Human Factors in Driving Task: Safe
Table of Contents
1 Task Description. 3
2 Collisions Associated with Safe Distance Driving. 4
3 Task Analysis- Keeping Safe Distance. 5
3.1 Sub-Tasks. 5
3.2 Required Information. 6
4 Human Factors and Potential Errors. 8
4.1 Vision. 8
4.2 Cognition. 9
4.3 Motor function. 9
5 Countermeasures. 10
5.1 Advisory Signs. 10
5.2 Road Chevrons. 11
5.3 Intelligent Transport Systems. 11
6 Summary. 12
7 References. 14
Human Factors in Driving Task: Safe
While people engage in driving as a daily task, it
involves complex processes of information processing and imposes heavy
cognitive demands due to its dynamic nature. The dynamism occurs due to the
change in environmental conditions with which the driver must contend in the
course of their activity, as well as the variations in their internal nature
during specific task performances. One of the most seemingly simple tasks in
driving is the maintenance of safe distance between one vehicle and that ahead of
it. However, indications have been that drivers often fail in the execution of
this task due to factors on the road or those emanating from their human nature (Mazureck & Hattem, 2006).
Drivers in many cities have to contend with matters of
traffic jams, especially in the peak hours of the morning and in the evening.
The traffic often results in many drivers exhibiting tailgating, a practice
whereby the driver behind drives too closely to the driver in front (Song & Wang, 2012). Global
recommendations for safe distance driving are of about 3 seconds, whereby 30
meters is considered the equivalent of a second
(Mazureck & Hattem, 2006). The rule changes depending on the road
conditions, increasing to four seconds in cases when the road is unclear due to
conditions like fog, and ten seconds for roads tainted by snow (Mazureck & Hattem, 2006). Regardless,
drivers will often overlook these recommended distances and especially with
pressure from traffic. These driving tendencies have multiple motivators,
including the perceptions of lateness and the illusion that the safe distance space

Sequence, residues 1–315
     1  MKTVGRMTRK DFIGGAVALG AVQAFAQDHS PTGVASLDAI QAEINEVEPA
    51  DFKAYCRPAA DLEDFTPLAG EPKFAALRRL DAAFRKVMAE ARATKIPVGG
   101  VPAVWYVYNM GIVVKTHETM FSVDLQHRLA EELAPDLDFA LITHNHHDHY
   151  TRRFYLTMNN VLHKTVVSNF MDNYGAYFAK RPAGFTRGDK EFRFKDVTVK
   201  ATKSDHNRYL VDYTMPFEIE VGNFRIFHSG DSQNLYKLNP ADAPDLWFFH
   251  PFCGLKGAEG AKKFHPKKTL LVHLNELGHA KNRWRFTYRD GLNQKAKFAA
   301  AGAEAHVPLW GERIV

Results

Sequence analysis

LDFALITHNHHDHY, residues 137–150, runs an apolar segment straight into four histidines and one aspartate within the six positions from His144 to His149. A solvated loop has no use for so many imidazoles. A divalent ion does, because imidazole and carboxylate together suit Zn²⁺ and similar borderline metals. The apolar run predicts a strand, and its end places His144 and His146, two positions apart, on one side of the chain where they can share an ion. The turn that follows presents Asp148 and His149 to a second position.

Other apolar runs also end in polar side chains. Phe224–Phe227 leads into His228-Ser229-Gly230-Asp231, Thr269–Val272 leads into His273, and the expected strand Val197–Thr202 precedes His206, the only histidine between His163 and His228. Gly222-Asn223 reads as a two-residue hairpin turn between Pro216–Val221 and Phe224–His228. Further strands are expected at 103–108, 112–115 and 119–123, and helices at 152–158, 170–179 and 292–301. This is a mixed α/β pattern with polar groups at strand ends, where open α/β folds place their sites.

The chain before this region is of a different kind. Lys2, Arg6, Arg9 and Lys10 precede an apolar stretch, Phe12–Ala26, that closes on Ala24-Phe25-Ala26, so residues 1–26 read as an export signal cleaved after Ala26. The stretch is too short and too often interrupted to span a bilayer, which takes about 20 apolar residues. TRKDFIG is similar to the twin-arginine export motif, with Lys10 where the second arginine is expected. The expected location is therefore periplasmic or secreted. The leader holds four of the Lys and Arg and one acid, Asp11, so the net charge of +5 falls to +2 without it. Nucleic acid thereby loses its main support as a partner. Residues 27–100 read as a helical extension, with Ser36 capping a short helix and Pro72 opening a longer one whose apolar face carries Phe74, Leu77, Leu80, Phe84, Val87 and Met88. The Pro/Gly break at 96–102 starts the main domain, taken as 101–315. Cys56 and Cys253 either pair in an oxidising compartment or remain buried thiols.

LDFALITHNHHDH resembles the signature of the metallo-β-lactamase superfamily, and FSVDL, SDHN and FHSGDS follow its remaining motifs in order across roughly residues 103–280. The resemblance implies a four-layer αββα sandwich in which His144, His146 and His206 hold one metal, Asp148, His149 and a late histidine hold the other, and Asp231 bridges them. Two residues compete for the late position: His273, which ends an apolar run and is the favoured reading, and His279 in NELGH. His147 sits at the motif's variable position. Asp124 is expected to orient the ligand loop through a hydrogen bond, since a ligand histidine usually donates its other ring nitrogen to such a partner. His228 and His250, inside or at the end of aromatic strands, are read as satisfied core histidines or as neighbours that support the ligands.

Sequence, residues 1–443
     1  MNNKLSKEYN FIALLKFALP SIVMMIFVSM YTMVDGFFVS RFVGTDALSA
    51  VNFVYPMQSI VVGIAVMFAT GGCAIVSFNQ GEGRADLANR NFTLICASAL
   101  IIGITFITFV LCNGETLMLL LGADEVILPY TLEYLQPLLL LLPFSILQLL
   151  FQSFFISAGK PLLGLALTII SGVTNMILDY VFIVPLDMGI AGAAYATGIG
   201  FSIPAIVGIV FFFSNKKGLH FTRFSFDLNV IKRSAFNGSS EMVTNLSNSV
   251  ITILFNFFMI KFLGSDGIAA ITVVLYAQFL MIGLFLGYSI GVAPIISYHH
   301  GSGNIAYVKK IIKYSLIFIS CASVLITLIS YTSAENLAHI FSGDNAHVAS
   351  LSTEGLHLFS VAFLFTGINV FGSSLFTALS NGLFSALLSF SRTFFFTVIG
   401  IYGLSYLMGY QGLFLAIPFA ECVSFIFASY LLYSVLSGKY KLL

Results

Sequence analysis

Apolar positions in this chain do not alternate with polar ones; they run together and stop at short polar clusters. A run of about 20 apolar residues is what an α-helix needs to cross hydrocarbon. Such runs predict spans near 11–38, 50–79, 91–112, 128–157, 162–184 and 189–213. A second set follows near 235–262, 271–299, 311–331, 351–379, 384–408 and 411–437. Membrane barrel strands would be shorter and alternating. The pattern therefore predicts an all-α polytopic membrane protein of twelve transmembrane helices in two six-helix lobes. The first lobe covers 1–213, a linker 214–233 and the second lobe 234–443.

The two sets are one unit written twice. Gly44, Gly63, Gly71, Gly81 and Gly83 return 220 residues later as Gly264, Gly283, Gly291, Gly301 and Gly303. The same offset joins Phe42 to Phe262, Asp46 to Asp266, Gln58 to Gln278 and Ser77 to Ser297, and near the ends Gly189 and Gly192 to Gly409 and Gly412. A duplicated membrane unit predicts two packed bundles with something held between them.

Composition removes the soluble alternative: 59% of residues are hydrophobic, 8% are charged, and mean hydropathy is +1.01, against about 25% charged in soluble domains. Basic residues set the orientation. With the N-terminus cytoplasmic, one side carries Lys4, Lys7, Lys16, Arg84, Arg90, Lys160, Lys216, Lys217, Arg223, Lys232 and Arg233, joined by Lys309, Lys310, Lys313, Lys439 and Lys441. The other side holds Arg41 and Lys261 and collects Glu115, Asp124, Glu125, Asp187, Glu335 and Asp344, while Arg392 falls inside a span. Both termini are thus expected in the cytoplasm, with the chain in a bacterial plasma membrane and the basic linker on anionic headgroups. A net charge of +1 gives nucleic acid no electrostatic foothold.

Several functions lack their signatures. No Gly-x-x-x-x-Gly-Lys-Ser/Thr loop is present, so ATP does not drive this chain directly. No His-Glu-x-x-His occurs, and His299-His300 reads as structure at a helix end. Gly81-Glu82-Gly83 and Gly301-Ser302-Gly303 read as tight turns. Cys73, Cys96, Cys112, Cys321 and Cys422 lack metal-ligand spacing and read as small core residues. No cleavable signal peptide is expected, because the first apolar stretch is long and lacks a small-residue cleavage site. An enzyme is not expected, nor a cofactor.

is a waste of time, distractions, or even the desire to demonstrate subtle
aggression while driving on the road (Song &
This paper focuses on analyzing the human factors that
potentially interfere with the maintenance of safe driving distances.
Understanding these factors is integral to understanding the possible way in
which rear-end collisions may be mitigated on the highways.
with Safe Distance Driving
Sarkar et al (2000) classifies following a vehicle with
insufficient headway as a severe form of aggressive driving. According to the typical reaction time of a
driver, the driver is advised to maintain a distance of more than two seconds
between their vehicle and the vehicle ahead. Any performance of this task that
is within less time than this, depending on the speed of the moving vehicle, is
likely to result in a road collision (Sarkar,
Martineau, Emami, Khatib, & Wallace, 2000). This is an especially
considerable challenge to road safety, considering statistics that indicate
approximately 18-20 percent of the global incidence in crashes involved
multiple vehicles moving in the same direction not at an intersection (Mazureck & Hattem, 2006).
The most common accident occurring from this type of
driving task is rear end collisions. According to data from the National Center
for Statistics and Analysis (NCSA, 2010), rear end crashes accounted for more
than 30% of the 5.9 million accidents in the US between 2006 and 2008. These
accidents resulted in about 2200 fatalities and about 500,000 injuries annually (National Center for Statistics and Analysis, 2010).
While tailgating is only accountable for about 70% of these automobile
collisions, the factor was also recorded as bearing the most prominent
fatalities compared to the other rear end collision factor- inattention. As
such, safe driving distance is identified as a critical source of rear end
collisions for automobiles, especially in the USA. As the number of vehicles on
the road continues increasing and the periods when the roads encounter heavy
traffic increase, the following distance for vehicles on the road becomes a
significant task to understand and consider in the design of highways.
Task Analysis- Keeping
Maintaining a safe distance between a vehicle and the
vehicle ahead is a relatively uncomplicated task. Nevertheless, there are